He added that the Prison services together with Sustainability for Seychelles (S4S) have other upcoming projects including the installation of solar lights around the prison precincts, the replacement of existing light bulbs with LED lighting and the isolation of cold storage.
Cold storage facilities, he noted constitute over 20 percent of the prison's electricity consumption.
Mia Dunford, a board member of S4S told SNA that the NGO started working with the Prison in 2012, having been invited by another NGO, Friends of Prison to help them put together the "Green Prison project”.
"We were inspired by this idea and since then have partnered with Friends of Prison and other NGOs to help the prison reduce its environmental impact and give the inmates more opportunities to learn skills related to recycling, sustainable agriculture and rational use of resources," said Dunford.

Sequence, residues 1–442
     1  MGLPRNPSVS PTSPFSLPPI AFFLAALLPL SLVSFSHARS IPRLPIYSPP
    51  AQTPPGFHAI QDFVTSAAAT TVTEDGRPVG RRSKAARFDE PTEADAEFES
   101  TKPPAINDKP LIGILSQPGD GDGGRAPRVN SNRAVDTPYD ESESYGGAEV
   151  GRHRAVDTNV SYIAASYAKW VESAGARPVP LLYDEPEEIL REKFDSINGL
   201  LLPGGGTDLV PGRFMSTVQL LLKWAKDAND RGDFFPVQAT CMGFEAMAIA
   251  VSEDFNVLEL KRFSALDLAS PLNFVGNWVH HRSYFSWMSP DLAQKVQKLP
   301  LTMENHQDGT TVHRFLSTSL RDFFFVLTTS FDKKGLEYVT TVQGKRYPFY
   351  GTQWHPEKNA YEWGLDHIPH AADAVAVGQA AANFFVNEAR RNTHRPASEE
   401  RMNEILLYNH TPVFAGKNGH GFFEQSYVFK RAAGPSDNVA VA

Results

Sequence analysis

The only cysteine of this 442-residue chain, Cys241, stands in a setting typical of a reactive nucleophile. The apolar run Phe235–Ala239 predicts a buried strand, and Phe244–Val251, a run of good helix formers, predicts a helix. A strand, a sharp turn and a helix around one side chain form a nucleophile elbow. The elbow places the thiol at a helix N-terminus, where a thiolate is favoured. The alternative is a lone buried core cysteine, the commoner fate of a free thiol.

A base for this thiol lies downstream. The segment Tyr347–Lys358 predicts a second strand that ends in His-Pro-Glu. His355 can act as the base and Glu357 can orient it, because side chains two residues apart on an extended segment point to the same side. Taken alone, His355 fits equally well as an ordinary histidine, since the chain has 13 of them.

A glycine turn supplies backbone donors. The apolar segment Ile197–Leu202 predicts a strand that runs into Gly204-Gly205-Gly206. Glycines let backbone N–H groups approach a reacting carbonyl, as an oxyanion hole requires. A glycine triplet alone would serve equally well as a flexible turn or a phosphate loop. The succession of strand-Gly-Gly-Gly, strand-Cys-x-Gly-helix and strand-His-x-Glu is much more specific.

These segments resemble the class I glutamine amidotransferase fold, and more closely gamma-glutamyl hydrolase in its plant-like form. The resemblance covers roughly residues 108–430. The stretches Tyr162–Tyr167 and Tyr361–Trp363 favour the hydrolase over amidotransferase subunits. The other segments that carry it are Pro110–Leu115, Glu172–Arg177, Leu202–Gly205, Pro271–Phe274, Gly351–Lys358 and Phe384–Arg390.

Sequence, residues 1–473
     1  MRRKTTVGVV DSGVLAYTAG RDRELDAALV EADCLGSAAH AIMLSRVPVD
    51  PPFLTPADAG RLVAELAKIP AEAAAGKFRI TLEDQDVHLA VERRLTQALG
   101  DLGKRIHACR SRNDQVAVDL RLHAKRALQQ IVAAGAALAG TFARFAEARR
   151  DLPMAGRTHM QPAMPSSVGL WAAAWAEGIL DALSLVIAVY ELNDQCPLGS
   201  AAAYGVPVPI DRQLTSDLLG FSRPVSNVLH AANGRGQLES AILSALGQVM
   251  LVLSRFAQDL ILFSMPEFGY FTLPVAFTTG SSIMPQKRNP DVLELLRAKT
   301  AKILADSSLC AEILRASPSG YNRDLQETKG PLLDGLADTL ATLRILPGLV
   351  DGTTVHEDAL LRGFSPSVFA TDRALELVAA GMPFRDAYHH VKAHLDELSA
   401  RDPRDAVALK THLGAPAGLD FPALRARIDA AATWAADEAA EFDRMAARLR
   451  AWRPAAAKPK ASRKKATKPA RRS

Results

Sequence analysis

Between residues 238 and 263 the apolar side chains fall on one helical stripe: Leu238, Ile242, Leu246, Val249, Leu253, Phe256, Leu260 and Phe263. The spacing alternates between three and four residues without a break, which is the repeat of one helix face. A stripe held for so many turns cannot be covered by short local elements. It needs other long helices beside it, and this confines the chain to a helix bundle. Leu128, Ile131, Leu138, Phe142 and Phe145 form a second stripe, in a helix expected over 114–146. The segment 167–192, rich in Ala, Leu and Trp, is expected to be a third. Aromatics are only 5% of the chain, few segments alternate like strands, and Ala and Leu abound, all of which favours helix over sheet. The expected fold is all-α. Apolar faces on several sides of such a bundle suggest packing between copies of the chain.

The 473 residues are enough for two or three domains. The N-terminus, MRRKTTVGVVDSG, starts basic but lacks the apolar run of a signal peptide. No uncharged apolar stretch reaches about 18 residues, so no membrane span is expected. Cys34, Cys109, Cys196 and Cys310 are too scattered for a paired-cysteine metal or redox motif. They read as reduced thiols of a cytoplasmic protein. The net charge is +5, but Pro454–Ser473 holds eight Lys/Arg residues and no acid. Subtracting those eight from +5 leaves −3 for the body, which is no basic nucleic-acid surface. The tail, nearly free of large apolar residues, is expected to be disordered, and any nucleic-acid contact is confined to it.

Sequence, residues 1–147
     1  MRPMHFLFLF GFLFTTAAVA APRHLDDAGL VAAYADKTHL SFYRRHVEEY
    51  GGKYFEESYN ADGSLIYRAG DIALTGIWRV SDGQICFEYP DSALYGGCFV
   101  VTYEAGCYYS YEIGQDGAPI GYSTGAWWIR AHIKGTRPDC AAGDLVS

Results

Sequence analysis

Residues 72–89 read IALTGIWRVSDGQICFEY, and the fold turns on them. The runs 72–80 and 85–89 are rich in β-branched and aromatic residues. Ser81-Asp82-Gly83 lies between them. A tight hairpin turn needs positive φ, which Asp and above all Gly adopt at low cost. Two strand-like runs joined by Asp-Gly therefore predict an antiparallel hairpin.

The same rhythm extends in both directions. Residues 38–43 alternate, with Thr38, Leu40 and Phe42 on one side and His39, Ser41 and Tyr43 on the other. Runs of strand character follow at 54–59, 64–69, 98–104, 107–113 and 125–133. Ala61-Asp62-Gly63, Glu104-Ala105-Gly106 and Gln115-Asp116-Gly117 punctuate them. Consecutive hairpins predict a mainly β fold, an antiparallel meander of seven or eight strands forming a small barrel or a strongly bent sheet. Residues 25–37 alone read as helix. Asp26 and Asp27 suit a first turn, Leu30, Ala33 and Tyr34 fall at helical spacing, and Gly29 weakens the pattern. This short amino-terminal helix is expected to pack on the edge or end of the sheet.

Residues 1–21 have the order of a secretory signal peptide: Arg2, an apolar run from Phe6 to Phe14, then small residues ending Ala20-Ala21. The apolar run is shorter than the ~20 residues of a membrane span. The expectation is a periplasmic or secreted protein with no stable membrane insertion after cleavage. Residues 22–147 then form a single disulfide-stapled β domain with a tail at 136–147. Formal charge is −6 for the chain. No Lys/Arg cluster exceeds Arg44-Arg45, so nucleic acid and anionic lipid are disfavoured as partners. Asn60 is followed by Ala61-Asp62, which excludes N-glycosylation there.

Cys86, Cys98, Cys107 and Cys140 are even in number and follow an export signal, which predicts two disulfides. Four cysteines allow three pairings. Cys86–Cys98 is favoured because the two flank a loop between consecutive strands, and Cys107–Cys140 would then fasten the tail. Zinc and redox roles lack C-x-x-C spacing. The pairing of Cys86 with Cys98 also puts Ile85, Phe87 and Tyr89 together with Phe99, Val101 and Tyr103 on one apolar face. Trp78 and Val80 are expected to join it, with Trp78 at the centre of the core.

She noted that S4S conducted energy and water audits to determine areas where improvements could be made and then worked with the prison to implement the necessary changes.
Dunford told SNA that the project's total worth is over 800,000 Seychelles rupees or around $66,000, of which the Australian Government's contribution is $ 30,000.
Other partners involved include the island nations’ Public Utilities Corporation (PUC) and the Seychelles Energy Commission.
"And of course, there were the inmates who are building all this, their labour counts a lot. We appreciate their enthusiasm and dedication to making the prison a greener institution for the benefit of their environment," said Dunford.
Apart from reducing its electricity consumption and that of treated water by relying more on rainwater harvesting Tirant also mentioned efforts to make the prison self-sufficient in terms of its daily consumption of fruits and vegetables.
He noted that more cows will be introduced to produce manure to make the prison as self-sufficient as possible in vegetables, while more land is being cleared uphill to make way for an orchard.